Sunday, February 19
Last Sunday after Epiphany
Holy God, you have revealed the glory of your love in Jesus Christ, and have given us a share in your Spirit. May we who listen to Christ follow faithfully, and, in the dark places where you send us, reveal the light of your gospel. Amen.
Six days later, Jesus took with him Peter and James and John, and led them up a high mountain apart, by themselves. And he was transfigured before them, and his clothes became dazzling white, such as no one on earth could bleach them. And there appeared to them Elijah with Moses, who were talking with Jesus. Then Peter said to Jesus, “Rabbi, it is good for us to be here; let us make three dwellings, one for you, one for Moses, and one for Elijah.” He did not know what to say, for they were terrified. Then a cloud overshadowed them, and from the cloud there came a voice, “This is my Son, the Beloved; listen to him!” Suddenly when they looked around, they saw no one with them any more, but only Jesus. As they were coming down the mountain, he ordered them to tell no one about what they had seen, until after the Son of Man had risen from the dead.
All Readings For This Sunday
2 Kings 2:1-12
2 Corinthians 4:3-6
1. How would you define “glory”?
2. Does “the sacred” surprise us, or do we have to seek it?
3. What are the things we do today when we experience “the sacred”? How do we humans respond to such an encounter?
4. What were those disciples hoping for, and in what ways do our hopes match theirs?
5. Why do you think the Epiphany season ends with the Transfiguration of Jesus, just before Lent begins?
by Kate Huey
Mountaintop experiences are part of the life of faith. There are times when we feel lifted up, taken up to a place a little closer to God and God’s glory, where the barrier between heaven and earth, for just a moment, seems to fall: something Celtic spirituality calls a “thin place.” There are times when we feel we’re hearing God speaking to us, telling us things, giving us direction, comfort, joy. These times, alas, do not come often, no matter how much we long for them. We live our lives mostly down here on the ground, often unaware of the wondrous, transformative presence of God, a reality beyond our ability to express in words. Sometimes, it seems as if even our worship services and religious practices unintentionally dull our awareness of this Presence, when they should, ideally, help us to draw near to God. The remarkable American writer Annie Dillard is known for her observation in Teaching a Stone to Talk, about the need for “wearing crash helmets” to church instead of ladylike hats, and about us as “cheerful, brainless tourists on a packaged tour of the Absolute.” There’s an uncomfortable thought for beginning our reflection!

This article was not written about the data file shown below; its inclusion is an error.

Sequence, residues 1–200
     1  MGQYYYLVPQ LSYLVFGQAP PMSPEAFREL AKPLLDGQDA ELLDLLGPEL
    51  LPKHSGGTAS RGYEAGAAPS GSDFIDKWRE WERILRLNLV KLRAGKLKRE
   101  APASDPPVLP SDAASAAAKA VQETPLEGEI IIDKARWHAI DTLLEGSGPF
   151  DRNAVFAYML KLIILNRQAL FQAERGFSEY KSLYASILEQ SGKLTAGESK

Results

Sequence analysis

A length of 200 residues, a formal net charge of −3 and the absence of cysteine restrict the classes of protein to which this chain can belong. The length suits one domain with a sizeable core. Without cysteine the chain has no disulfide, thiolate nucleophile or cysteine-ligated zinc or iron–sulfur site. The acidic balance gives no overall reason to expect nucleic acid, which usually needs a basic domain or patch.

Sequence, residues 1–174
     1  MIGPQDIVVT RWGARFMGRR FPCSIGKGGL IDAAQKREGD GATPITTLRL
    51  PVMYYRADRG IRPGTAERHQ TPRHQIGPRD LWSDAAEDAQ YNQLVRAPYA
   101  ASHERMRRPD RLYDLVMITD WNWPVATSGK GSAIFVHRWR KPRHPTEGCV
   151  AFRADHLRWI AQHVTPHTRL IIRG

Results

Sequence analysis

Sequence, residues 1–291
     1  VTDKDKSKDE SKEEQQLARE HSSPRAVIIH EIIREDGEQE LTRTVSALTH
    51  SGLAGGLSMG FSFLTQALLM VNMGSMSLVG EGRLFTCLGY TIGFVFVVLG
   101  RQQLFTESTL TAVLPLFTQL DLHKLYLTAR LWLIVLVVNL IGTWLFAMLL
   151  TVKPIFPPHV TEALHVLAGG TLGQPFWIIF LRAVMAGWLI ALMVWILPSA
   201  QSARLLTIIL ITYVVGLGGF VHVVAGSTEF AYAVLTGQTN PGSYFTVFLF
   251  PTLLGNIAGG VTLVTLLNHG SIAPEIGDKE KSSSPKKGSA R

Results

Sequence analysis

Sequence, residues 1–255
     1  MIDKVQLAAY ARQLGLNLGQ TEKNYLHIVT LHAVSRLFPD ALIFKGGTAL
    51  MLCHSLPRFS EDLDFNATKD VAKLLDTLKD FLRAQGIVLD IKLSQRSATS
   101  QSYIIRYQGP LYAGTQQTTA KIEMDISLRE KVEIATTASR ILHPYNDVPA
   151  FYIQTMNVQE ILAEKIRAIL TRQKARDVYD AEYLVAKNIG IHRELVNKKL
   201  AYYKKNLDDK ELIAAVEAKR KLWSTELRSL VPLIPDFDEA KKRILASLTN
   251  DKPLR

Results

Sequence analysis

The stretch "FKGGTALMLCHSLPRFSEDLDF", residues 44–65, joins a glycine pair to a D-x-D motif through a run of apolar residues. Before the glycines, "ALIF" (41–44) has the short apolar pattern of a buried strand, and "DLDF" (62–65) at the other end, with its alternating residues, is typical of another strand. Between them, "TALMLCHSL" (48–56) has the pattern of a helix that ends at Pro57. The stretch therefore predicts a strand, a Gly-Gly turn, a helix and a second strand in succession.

Perhaps it’s reassuring, then, to read that, for Peter, James, and John, the Transfiguration of Jesus is a moment of clarity that, despite its stunning power, escapes them. “He did not know what to say,” the text says about Peter. Peter, who has seen demons expelled, the paralyzed walking, the blind restored to sight! He may not know what to say, but at least he wants to do something in response to what he’s just experienced. Beverly Gaventa thinks that Peter’s suggestion, “however well intentioned, reduces the event to a photo opportunity.” However, Craig Evans suggests that Peter sees in this experience the beginning of “the last day,” and believes that the same things that had happened during the exodus were about to happen again. “To commemorate the exodus Jews celebrated the Feast of Booths by living in small booths or huts for seven days,” Evans writes. Stephen Cook follows this line of thought, too: Elijah’s appearance, he writes, must have meant that “God’s ultimate, open restoration of all things must be at hand.” Now, Peter assumes, “God’s reign is a done deal; God’s glory has broken through for good,” Cook writes; “The glory would now pitch its tent on earth….” But this is a “political breakthrough,” Cook says, that will require organization, leadership, and, conveniently, Peter in a position of power. There’s work to be done, and Peter’s mind is on glory, not suffering and loss. So Jesus tells Peter, James, and John to keep quiet about what’s happened, until they get the whole story, the big picture that includes suffering, death, and resurrection.
Getting our minds wrapped around what Jesus is saying
Just as we understand that the religious authorities have a basis for their sense of duty about protecting the Law and the religious customs of their people, so we also understand that Peter and the others have high expectations for the Messiah, and suffering and death aren’t on the list. Mountaintop experiences are definitely on their list, but not the kind on a cross on a hill. They want to see booths raised, not a cross. Things aren’t fitting together for them: the expectations, the glimpses they’re getting of the reign of God, and this talk of Jesus about suffering and death and, most perplexingly, his resurrection. As the saying goes, they can’t get their minds wrapped around it all. While this text comes right in the middle of Mark’s Gospel, it reminds us of the passage back at the beginning, when Jesus was baptized. In Mark’s Gospel, these three disciples weren’t around for Jesus’ baptism, when God spoke not to the crowd but to Jesus, privately, about his identity. We read that baptism text at the beginning of the Epiphany season; today, at the end of that season, we read this, Mark’s second revealing story about Jesus’ unique identity. This time, the disciples are around for the revelation, by sight and sound, but they still can’t put it all together. They do not know what to say. They long for glory, they think it’s within their grasp, and yet Jesus tells them to be quiet. Everyone knows glory is only glory if other people know you have it.